Kontekst: There are several sorts of religions, not only in different parts of the island, but even in every town; some worshipping the sun, others the moon or one of the planets. Some worship such men as have been eminent in former times for virtue or glory, not only as ordinary deities, but as the supreme god. Yet the greater and wiser sort of them worship none of these, but adore one eternal, invisible, infinite, and incomprehensible Deity; as a Being that is far above all our apprehensions, that is spread over the whole universe, not by His bulk, but by His power and virtue; Him they call the Father of All, and acknowledge that the beginnings, the increase, the progress, the vicissitudes, and the end of all things come only from Him; nor do they offer divine honours to any but to Him alone. And, indeed, though they differ concerning other things, yet all agree in this: that they think there is one Supreme Being that made and governs the world, whom they call, in the language of their country, Mithras. They differ in this: that one thinks the god whom he worships is this Supreme Being, and another thinks that his idol is that god; but they all agree in one principle, that whoever is this Supreme Being, He is also that great essence to whose glory and majesty all honours are ascribed by the consent of all nations.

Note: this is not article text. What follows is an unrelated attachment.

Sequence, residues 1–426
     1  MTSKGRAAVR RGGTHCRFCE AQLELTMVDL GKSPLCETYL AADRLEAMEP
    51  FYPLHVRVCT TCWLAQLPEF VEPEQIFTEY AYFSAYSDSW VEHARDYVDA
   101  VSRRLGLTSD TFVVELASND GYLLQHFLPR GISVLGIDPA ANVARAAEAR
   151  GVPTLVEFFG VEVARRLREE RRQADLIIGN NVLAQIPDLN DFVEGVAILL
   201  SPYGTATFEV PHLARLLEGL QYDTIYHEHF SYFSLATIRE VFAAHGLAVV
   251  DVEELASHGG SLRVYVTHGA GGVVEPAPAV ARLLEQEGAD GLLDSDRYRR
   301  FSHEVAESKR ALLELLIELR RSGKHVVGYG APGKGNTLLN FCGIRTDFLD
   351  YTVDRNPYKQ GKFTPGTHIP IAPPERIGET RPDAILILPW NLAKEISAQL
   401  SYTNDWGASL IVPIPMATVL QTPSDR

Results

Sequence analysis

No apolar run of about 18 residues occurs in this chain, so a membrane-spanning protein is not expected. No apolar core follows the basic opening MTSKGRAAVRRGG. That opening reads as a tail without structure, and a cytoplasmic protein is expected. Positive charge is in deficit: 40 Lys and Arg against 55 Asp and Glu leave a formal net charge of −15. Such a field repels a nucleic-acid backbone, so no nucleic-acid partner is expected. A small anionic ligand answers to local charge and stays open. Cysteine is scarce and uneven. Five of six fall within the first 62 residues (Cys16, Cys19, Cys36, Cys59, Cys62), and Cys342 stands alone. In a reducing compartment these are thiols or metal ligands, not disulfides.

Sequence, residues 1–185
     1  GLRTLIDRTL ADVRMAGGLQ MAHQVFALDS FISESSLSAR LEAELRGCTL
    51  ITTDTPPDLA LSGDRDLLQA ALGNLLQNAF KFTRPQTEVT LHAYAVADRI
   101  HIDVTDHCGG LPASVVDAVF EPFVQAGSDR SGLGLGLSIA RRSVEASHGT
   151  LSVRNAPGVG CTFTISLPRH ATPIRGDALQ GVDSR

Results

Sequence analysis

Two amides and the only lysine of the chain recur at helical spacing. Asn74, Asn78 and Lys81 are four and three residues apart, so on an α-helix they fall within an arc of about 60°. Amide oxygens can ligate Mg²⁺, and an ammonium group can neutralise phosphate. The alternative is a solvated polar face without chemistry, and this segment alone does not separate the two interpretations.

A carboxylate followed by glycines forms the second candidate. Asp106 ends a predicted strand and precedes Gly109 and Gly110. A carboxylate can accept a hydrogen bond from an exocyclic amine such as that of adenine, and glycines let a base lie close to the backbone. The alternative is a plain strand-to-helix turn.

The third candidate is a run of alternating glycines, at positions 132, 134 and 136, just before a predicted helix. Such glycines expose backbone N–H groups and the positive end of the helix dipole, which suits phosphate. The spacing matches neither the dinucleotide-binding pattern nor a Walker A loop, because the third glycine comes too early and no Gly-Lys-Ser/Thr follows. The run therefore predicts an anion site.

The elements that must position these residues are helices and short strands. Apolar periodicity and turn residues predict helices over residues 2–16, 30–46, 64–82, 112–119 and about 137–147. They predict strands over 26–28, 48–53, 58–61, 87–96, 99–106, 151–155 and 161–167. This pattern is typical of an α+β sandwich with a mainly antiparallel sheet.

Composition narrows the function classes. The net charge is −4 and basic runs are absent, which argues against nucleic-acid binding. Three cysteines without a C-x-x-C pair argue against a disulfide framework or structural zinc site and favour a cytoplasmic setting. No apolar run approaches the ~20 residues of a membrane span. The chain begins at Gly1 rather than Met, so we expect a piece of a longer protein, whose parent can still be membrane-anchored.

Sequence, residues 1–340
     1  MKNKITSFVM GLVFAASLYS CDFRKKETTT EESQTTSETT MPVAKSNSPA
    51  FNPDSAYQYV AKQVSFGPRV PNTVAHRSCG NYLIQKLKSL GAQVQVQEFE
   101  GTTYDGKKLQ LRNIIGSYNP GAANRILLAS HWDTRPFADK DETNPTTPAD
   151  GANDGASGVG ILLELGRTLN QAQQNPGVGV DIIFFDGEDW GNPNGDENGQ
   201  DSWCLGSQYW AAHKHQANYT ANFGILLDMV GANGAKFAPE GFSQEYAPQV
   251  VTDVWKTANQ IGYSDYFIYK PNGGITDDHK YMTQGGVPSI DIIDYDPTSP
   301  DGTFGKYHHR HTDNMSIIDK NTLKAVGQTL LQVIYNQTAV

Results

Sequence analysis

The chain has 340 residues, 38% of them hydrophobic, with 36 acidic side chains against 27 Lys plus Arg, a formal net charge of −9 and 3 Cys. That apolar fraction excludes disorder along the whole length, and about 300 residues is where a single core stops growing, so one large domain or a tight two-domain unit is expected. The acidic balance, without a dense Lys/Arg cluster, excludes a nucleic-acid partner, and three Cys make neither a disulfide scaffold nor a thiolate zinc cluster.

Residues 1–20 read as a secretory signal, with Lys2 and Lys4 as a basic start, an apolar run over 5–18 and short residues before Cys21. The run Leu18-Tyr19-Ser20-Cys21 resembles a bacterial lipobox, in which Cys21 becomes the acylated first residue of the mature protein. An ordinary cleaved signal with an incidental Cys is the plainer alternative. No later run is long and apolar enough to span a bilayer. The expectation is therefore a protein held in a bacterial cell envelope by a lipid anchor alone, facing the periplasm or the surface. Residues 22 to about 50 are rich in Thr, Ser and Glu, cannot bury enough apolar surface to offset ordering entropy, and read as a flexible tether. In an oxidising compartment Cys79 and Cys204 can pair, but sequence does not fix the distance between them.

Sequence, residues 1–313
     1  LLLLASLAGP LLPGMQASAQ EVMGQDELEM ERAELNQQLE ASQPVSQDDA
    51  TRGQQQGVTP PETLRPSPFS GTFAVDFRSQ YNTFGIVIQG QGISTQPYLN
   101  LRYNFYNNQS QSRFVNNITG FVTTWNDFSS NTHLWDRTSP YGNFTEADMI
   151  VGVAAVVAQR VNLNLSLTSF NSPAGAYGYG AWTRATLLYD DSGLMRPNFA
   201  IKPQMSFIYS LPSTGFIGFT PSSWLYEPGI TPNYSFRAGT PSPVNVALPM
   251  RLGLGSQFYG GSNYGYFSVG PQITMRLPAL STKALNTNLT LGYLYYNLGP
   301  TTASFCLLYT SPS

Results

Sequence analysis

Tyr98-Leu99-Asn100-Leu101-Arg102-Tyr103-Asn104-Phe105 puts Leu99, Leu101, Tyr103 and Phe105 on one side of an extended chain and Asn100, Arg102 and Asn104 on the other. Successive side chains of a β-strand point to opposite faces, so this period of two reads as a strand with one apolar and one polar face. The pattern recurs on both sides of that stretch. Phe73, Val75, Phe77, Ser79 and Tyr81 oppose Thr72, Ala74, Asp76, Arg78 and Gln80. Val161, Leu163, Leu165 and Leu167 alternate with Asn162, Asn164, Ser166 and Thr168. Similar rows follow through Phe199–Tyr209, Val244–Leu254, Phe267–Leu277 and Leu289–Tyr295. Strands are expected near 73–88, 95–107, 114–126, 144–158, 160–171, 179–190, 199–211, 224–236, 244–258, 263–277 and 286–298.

„They have but few laws, and such is their constitution that they need not many.“

—  Thomas More, książka Utopia

Oryginał: (la) leges habent perquam paucas. sufficiunt enim sic institutis paucissimae. quin hoc in primis apud alios improbant populos, quod legum interpretumque uolumina, non infinita sufficiunt. ipsi uero censent iniquissimum; ullos homines his obligari legibus; quae aut numerosiores sint, quam ut perlegi queant; aut obscuriores quam ut a quouis possint intelligi.
Źródło: Utopia (1516), Ch. 7 : Of Their Slaves, and of Their Marriages